I was able to start running a little before the end of the season. The problem was I wasn’t going to be able to push my body enough to be competitive in the short sprints, which were my specialty. I didn’t have enough time to retrain my body to run much distance. Nor did I want to become a distance runner. At the time, it just seemed boring to me. The only option seemed to be the 400-meter dash. Of course, in junior high, I’m not sure “dash” is the correct word for it, but it was definitely as close to a full out sprint I was going to get without pushing my body beyond its limits.

The problem was I didn’t know if I wanted to try, probably because I wasn’t sure I’d be able to do it.

I wasn’t familiar with the strategy of the length of a race. I didn’t know if I had the endurance, especially since my training time was limited. I only had a couple weeks before Regionals, which would be my last chance to run that season. Our team didn’t have any strong 400-meter runners, so if I wanted to run it, I could. The coach was occupied with preparing all the stars for upcoming meets, so I didn’t have much opportunity to learn what to do.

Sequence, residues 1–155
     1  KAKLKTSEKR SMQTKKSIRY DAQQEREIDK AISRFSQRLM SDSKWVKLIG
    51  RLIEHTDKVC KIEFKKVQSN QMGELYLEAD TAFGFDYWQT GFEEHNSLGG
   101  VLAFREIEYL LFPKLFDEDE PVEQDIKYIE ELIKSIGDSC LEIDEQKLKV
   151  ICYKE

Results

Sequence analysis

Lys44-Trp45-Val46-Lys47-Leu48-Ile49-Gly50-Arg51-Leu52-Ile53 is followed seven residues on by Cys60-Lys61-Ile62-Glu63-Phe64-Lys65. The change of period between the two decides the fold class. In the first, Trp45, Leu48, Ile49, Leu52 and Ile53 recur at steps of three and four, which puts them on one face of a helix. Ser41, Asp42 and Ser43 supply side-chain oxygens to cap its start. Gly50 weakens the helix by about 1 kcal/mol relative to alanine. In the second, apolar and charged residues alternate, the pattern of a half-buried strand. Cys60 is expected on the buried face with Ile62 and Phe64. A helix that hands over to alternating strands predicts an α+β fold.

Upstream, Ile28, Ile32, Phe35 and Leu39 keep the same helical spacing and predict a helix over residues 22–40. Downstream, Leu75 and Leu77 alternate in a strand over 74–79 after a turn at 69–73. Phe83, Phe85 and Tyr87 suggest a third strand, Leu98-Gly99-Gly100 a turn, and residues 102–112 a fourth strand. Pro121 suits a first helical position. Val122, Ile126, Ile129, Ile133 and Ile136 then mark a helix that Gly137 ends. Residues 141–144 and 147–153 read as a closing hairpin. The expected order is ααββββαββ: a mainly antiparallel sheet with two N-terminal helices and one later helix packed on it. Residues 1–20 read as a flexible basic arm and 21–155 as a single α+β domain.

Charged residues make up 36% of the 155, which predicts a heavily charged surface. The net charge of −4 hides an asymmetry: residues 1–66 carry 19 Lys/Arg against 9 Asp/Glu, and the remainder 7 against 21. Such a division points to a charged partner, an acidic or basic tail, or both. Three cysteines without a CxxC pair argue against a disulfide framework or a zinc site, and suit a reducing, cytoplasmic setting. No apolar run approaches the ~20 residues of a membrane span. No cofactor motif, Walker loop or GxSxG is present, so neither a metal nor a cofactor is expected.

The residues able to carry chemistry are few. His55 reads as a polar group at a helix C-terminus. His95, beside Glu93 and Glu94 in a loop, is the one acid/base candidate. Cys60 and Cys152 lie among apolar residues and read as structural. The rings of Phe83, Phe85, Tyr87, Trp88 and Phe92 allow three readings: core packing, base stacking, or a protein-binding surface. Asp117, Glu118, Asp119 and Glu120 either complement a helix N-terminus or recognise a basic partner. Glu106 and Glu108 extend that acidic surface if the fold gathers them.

Mr. Brooks had driven the bus to most of our track meets. He’d seen me stand on the side of the track to cheer on others. He knew I was itching to run, and he asked me one day when I was planning to get on the track again. I explained my options, and he said without hesitation, “Well, of course you can run the 440!” He gave me a few tips and words of encouragement. When he looked me in the eye, I believed what he was saying. Perhaps it was possible.